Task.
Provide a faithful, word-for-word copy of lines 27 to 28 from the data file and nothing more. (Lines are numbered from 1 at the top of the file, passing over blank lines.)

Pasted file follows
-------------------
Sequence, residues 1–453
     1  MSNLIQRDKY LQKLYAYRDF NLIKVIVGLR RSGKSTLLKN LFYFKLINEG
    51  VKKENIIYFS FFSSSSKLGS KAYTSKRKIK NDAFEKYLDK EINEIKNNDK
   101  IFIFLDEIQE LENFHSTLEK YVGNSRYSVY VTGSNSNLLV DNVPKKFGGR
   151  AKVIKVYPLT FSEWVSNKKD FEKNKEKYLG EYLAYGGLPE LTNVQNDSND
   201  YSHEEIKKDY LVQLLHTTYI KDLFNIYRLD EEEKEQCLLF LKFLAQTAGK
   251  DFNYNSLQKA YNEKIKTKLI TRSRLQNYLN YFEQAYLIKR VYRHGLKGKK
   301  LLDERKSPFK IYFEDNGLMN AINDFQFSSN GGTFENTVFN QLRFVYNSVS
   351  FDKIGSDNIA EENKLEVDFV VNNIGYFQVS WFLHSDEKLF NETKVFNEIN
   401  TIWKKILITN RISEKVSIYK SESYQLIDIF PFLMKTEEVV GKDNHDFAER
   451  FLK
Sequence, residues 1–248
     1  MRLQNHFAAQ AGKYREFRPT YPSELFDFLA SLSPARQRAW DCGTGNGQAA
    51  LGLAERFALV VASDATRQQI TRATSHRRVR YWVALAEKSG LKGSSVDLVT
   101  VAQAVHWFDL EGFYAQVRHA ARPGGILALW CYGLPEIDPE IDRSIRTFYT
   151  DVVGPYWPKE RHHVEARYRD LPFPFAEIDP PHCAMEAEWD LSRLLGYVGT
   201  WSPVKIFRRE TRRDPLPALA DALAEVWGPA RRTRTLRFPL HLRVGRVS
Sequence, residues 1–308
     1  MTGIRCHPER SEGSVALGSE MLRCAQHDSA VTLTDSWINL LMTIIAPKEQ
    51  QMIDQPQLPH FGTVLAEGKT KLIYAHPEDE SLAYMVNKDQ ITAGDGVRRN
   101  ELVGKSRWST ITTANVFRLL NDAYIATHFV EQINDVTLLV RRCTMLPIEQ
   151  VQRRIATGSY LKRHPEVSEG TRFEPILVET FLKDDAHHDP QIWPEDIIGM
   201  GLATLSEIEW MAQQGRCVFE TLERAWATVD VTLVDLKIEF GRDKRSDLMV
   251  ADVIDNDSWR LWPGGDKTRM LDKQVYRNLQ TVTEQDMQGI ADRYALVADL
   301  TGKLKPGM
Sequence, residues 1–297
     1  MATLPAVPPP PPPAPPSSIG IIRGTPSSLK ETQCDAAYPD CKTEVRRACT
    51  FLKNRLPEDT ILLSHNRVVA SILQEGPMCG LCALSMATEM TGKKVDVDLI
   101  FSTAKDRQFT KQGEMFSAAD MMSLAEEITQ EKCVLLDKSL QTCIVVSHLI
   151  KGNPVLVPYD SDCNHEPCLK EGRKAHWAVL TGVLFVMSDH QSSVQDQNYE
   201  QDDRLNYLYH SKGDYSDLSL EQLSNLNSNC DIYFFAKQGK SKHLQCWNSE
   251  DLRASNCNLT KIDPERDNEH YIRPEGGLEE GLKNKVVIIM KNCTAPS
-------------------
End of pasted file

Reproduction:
     1  MATLPAVPPP PPPAPPSSIG IIRGTPSSLK ETQCDAAYPD CKTEVRRACT
    51  FLKNRLPEDT ILLSHNRVVA SILQEGPMCG LCALSMATEM TGKKVDVDLI